Russian publishers plan to “retell” foreign bestsellers that will not hit bookstores due to Western companies halting work with their Russian counterparts over the war in Ukraine, the Kommersant business daily reported Wednesday.
Russia’s largest publisher, Eksmo-AST, will release 3,000 copies of Prince Harry’s memoir “Spare” on Thursday as a “summary, which involves the retelling of its main theses.”
Another publisher, Smart Reading, will release an audiobook summary of “Spare” on the Russian e-book library LitRes this Wednesday.
“The summary will reflect the key ideas of the book without using excerpts from it,” Yevgeny Kapyev, CEO of Eksmo, told Kommersant.
“The summary’s author read the book in English and retold it in her own language,” Kapyev said.
Maria Kopachevskaya, editor-in-chief of Smart Reading, told Kommersant the publisher has been specializing in such “summaries” for at least 10 years.
“We try to focus on what’s not available to Russian-speaking readers,” Kopachevskaya said.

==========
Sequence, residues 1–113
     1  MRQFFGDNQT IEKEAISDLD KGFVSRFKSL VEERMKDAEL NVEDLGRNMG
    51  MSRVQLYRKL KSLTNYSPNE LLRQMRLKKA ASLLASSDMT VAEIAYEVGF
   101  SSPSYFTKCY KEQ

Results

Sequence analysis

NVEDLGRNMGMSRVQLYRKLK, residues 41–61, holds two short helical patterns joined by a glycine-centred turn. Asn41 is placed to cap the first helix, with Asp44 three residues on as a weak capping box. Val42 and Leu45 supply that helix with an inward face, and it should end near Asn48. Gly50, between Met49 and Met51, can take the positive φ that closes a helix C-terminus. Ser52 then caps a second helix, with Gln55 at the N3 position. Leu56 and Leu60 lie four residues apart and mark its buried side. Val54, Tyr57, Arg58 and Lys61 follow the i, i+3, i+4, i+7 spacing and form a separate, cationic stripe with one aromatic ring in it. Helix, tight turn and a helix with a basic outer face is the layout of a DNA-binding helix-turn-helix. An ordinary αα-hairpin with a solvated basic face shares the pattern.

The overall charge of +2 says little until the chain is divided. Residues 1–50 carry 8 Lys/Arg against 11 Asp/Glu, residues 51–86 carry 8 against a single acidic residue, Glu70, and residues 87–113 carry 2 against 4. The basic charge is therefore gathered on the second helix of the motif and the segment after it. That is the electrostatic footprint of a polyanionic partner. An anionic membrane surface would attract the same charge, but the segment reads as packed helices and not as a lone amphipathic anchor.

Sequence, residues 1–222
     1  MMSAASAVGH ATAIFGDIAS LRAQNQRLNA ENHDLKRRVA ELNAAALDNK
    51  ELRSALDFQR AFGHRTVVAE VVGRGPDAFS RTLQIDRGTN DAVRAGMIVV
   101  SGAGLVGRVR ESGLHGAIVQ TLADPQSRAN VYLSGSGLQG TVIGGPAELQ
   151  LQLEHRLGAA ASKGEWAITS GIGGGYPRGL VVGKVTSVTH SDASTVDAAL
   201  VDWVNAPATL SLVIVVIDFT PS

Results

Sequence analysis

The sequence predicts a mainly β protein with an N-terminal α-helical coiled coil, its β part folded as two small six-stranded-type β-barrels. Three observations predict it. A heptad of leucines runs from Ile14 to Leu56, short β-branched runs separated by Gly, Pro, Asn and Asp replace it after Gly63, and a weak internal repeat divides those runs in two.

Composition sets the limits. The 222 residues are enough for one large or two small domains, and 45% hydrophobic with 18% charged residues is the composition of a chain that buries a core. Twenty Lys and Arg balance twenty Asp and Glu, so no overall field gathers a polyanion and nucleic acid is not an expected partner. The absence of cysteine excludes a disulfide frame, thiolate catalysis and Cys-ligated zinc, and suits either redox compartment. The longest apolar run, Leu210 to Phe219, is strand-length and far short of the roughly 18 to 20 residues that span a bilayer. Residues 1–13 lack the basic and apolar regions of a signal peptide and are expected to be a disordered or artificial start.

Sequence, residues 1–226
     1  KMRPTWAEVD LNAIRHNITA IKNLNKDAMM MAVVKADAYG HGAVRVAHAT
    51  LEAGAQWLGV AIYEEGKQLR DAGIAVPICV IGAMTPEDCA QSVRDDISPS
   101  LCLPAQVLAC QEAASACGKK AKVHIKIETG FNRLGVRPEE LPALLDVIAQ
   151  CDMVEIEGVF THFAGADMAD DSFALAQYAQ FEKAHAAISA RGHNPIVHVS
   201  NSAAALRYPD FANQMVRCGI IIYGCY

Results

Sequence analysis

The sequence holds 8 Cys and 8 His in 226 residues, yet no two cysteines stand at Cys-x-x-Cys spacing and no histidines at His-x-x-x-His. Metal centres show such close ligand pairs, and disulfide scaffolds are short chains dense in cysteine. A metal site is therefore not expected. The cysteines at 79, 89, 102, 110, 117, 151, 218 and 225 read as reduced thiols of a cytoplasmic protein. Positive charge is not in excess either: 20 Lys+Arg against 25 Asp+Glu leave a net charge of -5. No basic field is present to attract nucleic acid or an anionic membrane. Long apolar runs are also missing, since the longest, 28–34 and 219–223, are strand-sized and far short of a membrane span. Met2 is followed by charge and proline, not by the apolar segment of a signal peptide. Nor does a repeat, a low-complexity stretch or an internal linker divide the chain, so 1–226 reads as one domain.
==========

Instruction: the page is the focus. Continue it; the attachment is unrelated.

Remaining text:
Eksmo-AST considers the project a “startup that will help partially solve the problem of unavailable non-fiction novels” and an “alternative to a compulsory license.”
Other Russian publishing houses opposed the summary format on legal and ethical grounds.
“Allowing piracy in one form or another — and summaries can be considered veiled piracy — throws the Russian market of legal content back a few years,” Kommersant quoted an unnamed Russian publishing house spokesperson as saying.
Russian law allows citations for scientific, educational and critical purposes.
If brought to court, Russian publishers would be forced to prove that they retold an unlicensed book for purposes that do not include entertainment.
Russian law firms say publishers risk being hit by lawsuits and fined double the value of books sold if their summaries hew too close to the original text.